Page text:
Through trial and error both Marc and Amy were able to determined what needed to be prioritized at work, and think ahead more as they planned for the long term – both at work and at home.

Marc and Amy show us how it’s possible to create a family life where both parents can be supported to live whole lives. One that creates space for equal investment in work, family and personal interests. They would also argue that clear communication, boundary setting, and out of the box thinking were the keys to their success.

The Tale of Two Julies – A Story of Successful Job Sharing

Every few months we feature one of the pioneers that make up the ThirdPath community . . .

This month we are putting a spotlight on Julie Levine. She and her colleague at work, Julie Rocco, have successfully job shared a management position at Ford Motor Company for more than 5 years. Read on to learn about these pioneering, or click the SoundCloud icon at the end to listen to them share their inspiring story.

Julie Levine’s Story

Job sharing a program manager position with Julie Rocco, Julie Levine soon discovered how “fully integrated” they had become – sometimes even asking the same questions at the exact same time.  In fact, the trust that has built up over the years leaves both parties with complete faith they will be well represented by the other during their absence. It has also provided the ease of mind the “two Julies” needed to be able to spend time with their families.

This collaborative partnership, Julie jokes, has almost been like a “marriage” at work. She also underscores how it did not come about by just placing two people in a job share arrangement. There were numerous factors that played into its success, the most critical being the selection of the right people to create the job share. Julie talks about how she and Rocco went on a “blind date” to figure out whether or not they would be compatible. During this “date” they both took time to assess whether they shared a similar sense of responsibility for getting the work done as well as attention to detail, energy levels and integrity.

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After finding each other, the next critical step was pitching the business case for moving ahead. They needed to show the company that “the sum of two Julies…” was really better than “…two Julies alone.” Julie describes how both of them having strong reputations within the organization helped make their case. But they also began to quickly see how their job sharing arrangement brought many advantages to their organization.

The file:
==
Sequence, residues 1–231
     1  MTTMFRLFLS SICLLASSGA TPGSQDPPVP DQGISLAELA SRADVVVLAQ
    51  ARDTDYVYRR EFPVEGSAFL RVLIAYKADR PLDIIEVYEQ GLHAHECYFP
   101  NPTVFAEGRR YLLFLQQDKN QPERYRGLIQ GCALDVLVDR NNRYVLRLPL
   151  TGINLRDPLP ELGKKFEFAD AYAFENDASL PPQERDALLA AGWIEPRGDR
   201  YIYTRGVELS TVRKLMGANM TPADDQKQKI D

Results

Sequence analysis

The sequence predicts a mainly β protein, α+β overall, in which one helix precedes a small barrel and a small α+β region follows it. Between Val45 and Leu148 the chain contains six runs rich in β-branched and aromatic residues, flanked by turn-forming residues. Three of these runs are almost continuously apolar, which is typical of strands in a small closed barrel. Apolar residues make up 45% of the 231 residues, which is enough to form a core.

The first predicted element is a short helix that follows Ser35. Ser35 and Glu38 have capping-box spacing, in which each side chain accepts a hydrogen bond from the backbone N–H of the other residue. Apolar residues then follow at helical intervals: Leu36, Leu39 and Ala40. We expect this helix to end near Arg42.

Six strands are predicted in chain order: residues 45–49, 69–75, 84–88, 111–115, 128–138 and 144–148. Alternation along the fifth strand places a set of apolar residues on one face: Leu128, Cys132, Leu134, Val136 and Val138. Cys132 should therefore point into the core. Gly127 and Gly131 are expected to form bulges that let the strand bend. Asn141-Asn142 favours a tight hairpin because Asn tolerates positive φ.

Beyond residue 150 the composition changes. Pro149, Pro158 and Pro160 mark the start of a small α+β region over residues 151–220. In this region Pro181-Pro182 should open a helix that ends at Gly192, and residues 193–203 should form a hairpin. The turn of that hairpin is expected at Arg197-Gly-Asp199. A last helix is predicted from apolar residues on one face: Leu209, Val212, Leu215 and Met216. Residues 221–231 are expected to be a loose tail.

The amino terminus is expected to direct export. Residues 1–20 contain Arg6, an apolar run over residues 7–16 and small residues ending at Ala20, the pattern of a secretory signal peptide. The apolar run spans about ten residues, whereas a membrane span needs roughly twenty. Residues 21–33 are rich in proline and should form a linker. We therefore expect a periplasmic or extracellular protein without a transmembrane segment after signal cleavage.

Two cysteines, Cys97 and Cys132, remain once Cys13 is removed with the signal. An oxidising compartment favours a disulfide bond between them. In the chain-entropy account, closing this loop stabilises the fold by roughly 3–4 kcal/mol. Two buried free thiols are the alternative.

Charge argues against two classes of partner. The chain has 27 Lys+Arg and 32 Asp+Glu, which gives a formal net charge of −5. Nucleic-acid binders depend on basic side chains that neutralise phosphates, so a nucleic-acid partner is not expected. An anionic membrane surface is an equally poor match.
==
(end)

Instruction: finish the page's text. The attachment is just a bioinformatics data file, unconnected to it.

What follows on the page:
For example, having the network and experience of two people on any one task or problem offered a significant benefit to their employer; playing into the old cliché – two heads are better than one. Julie also talks about how refreshed she would be from her time away from work. Even vacations played out differently. When one of them took a vacation, the other was still available to work at half time, so projects were able to continue to move forward. At one point, they were even able to turn a maternity leave into an opportunity to have a junior employ gain exposure to a higher level position. The employee was even promoted after the leave was up!

While the benefits to the company were plentiful, the advantages to Julie and her family were immeasurable. Julie cites many tangible things such as being able to volunteer at her children’s school as well as have time for exercise and other activities. She also talks about some of the more intangible benefits such as having her children grow up in an environment where they see that Mommy’s career is just as important as Daddy’s; and that balancing work and family is possible.

Julie concluded with advice on what she learned through the years to be key attributes to her job sharing success:

· Being seamless: never having to ‘burden’ your fellow employees (i.e. by having them repeat information twice). It doesn’t matter which person you talk to, both would always be up-to-date on any and all matters.

· Being completely consistent: making sure that directions, and answers to questions, are handled in a similar manner.

· Being fully committed: committing to the necessary time and effort to ensure their success, such as the update process they use four times a week to be bring each other up to speed on what happened that day.

· Sharing the entire job – not just splitting tasks: This is critical for both being seamless and consistent, as both parties are then aware of everything relevant to their job.

Julie’s story is another great example of how we can “redesign leadership” in a way where everyone benefits – the leader, the leader’s family as well as the organization. To listen to more of Julie Levine’s story, click the SoundCloud link below.

Our Mission

Assist individuals, families and organizations in finding new ways to redesign work to create time for family, community and other life priorities. Develop a growing community of individuals, leaders and organizations to influence wider change - both within organizations and at the public policy level. Support a new mind-set where everyone can follow a "third path" - an integrated approach to work and life.

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Phone: 215.747.8790
Email: time4life (at) thirdpath.org